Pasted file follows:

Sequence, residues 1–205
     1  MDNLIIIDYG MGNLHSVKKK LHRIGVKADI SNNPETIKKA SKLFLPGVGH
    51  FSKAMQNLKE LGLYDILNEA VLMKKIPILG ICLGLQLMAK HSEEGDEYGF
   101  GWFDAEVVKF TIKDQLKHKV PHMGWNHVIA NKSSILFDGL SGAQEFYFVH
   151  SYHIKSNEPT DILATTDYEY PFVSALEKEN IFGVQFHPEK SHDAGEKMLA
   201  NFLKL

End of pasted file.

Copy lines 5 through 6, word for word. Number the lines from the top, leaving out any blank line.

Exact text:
   151  SYHIKSNEPT DILATTDYEY PFVSALEKEN IFGVQFHPEK SHDAGEKMLA
   201  NFLKL